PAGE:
Clayton Dykhouse and Evan Thomas quickly became friends when they became teammates on the Hope College men’s basketball team as freshmen.
Three years later, they’re leading the Flying Dutchmen’s pursuit of an MIAA Tournament title and an NCAA Division III Tournament berth.
Hope hosts Calvin University on Saturday, Feb. 26, at 7 p.m. in the MIAA Tournament champion game at DeVos Fieldhouse. Dykhouse and Thomas — both All-MIAA First Team selections, with Thomas as league MVP — have teamed up into a powerful force on the court.
While a significant part of their lives, their journeys at Hope is not defined solely by basketball. Dykhouse is an elementary education major with aspirations of becoming a teacher. Thomas is a biology major with goals of attending medical school.
Earlier this month, both sat down with Sports Information Director Alan Babbitt in the latest episode of the Hope Athletics Orange and Blue Podcast. Since the conversation, the Flying Dutchmen won the MIAA’s regular-season title and earned the No. 1 seed for the MIAA Tournament. During the February 25 semifinal win vs. Albion, Thomas became the 43rd Flying Dutchmen to score 1,000 career points.
Inspiring Conversations and Change
Now roommates as well as team co-captains with senior Tyler George, Dykhouse and Thomas talked about their friendship, what makes their basketball team special on and off the court, what they have learned about leadership, and their unique perspectives as Americans. Dykhouse is African-American; Thomas is biracial.
Both are involved in leadership within Hope’s Athletes Coming Together-Student Athlete Advisory Council (ACT-SAAC). They participate in ACT-SAAC’s Diversity and Inclusion committee.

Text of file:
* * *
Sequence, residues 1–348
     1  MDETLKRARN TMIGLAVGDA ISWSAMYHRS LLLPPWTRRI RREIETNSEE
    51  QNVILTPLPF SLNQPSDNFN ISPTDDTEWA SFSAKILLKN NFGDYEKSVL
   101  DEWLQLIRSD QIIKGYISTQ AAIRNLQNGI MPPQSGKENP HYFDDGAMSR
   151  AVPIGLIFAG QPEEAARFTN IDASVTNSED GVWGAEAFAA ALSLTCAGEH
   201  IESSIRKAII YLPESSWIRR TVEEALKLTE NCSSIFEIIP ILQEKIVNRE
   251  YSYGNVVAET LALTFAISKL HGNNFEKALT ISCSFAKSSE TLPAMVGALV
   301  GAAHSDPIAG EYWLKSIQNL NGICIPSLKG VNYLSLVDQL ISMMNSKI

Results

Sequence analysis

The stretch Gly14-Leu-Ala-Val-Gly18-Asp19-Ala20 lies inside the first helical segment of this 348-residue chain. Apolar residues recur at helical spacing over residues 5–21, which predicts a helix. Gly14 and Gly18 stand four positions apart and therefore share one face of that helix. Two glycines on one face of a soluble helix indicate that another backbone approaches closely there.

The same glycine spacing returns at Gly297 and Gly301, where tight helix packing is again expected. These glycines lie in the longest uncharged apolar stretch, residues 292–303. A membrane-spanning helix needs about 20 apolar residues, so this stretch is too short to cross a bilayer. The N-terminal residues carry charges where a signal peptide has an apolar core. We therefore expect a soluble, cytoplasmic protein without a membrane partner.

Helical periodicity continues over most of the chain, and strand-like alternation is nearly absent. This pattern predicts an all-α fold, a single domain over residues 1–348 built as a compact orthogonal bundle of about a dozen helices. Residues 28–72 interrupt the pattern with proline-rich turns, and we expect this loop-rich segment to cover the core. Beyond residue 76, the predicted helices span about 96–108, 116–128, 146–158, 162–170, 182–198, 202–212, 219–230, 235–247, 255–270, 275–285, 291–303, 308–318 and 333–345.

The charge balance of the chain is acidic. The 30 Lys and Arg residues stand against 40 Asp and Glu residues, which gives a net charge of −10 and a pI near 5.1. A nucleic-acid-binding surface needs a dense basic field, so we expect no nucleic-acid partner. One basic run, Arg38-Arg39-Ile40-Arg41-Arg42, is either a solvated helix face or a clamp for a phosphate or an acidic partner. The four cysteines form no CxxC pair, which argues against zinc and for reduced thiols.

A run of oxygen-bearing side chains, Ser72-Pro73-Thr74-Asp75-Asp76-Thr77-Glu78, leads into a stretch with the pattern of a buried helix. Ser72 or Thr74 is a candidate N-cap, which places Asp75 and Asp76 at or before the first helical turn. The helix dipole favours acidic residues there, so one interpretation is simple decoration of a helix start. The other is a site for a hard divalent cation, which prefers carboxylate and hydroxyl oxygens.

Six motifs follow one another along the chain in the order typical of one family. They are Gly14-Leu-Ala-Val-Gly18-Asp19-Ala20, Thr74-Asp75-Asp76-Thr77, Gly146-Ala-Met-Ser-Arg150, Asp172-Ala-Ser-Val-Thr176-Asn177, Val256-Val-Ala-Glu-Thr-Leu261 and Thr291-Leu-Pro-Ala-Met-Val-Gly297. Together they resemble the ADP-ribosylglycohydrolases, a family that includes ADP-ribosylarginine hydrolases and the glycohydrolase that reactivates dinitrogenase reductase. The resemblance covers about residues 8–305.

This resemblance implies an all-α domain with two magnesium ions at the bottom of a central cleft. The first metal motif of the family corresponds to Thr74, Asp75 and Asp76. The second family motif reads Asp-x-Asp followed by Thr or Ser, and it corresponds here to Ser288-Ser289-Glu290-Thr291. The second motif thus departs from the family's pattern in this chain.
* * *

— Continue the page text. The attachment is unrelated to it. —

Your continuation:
“The group as a whole is just bringing leaders, athletes, from all different sports together to have a group that can talk to higher up faculty about what athletes need, what students need kind of in community,” Thomas said. “What Clay and I are doing in the diversity and inclusion kind of efforts are just to create a conversation within athletes about diversity, inclusion, how Hope can be more acceptable, more inclusive to all different kinds of people, no matter where they come from. It’s been a lot of fun so far, creating conversations. We’ve had great speakers come in and talk to us and just learning and are startings conversations to learn more about what diversity and inclusion really means.”
A recent interaction with two young fans at DeVos Fieldhouse reminded Dykhouse how vital diversity and inclusion is at Hope and society.
“I’ve spent my entire life with white parents in a predominantly white community. I think they did a great job of exposing me of me and my brother to just what it means to be black in America at a really young age,” Dykhouse said. “I know a couple of home games ago there was a family that I had gotten to know the dad a little bit, and he has two adopted sons. After the game, they were talking to me. They were talking about Evan, me, and T.J. (McKenzie), and how cool it was to see someone in a position at Hope that looks like them. They’re fourth and second grade boys recognizing that.”